There’s More to Employee Satisfaction Than Money

When you start a business with dreams of it becoming internationally known or at least successful in your chosen industry, it’s natural to focus on things such as employee satisfaction. As a business owner, the importance of a healthy and motivated team of staff should be obvious, but you’d be surprised at how often managers get the wrong idea and focus on the wrong things.

Money is one of the most common motivators that managers and business owners use to spur action and drive morale. Sadly, money only works for a little while and you would be surprised at the negative effect it adds to your work environment.

To show you that money isn’t everything in employee satisfaction, we’ve made a couple of examples that you should always consider before trying to motivate your employees the wrong way.

Money-based rewards promote laziness

Rewarding an employee for their hard work is an obvious step to take when you want to grow your business. Sadly, cash incentives are short-term motivators that don’t have a lasting effect. Money is, after all, quickly spent and disappears. Having something that lasts longer would make it a long-lasting indication to an employee’s hard work, and it’s often more meaningful than a little bonus. In fact, monetary rewards only trigger your employees to work for the sake of money and not for the passion they have towards their job.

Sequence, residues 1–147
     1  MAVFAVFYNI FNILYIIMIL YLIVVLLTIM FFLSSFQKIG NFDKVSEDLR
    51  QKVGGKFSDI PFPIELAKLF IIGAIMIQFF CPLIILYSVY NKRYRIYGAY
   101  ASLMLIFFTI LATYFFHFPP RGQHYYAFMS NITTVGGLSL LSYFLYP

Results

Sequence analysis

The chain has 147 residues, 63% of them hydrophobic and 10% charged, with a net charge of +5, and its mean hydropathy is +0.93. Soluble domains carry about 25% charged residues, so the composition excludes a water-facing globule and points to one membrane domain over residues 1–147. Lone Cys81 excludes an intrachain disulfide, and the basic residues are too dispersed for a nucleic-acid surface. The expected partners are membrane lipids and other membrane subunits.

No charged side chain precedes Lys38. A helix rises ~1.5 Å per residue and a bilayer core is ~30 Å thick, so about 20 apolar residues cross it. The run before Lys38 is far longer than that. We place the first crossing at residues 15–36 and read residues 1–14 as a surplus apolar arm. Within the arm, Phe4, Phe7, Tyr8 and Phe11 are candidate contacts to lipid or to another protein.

When your employees have quotas to meet, they’ll often try their best to meet a certain cut off in order to achieve their desired income. For instance, if your employees must make 5 sales a day with bonuses at 7, 9 and 11 sales, then they’ll push to get their bonus and become lazy afterwards because they feel it’s not worth their time anymore. Instead, motivate your employees by using more meaningful rewards, such as the chance for a promotion or showing them the extent of their hard work and how important their role in the company is.

Benefits often outweigh bonuses

The benefits that come with a job often far outweigh any potential bonuses that you could offer. For instance, group life insurance offered by an employer to their staff guarantees a safety net for the worker and their family. This is a huge financial worry that will be wiped from their responsibilities, and with fewer things to focus on outside of their job, they can maintain a healthy level of morale and focus on improving their work. Another good example is giving your employees discounts to your business and extending those savings to their family members and friends. This gives you a good reputation and gives your employees more incentive to stay with your company.

If you plan to go all out with a business idea, then it’s important to understand the risks of neglecting your employees or building the wrong office culture. You don’t want to use monetary incentives, but instead, you want to spur motivation and increase productivity by using smarter methods that provide long-term benefits, not short-term gains.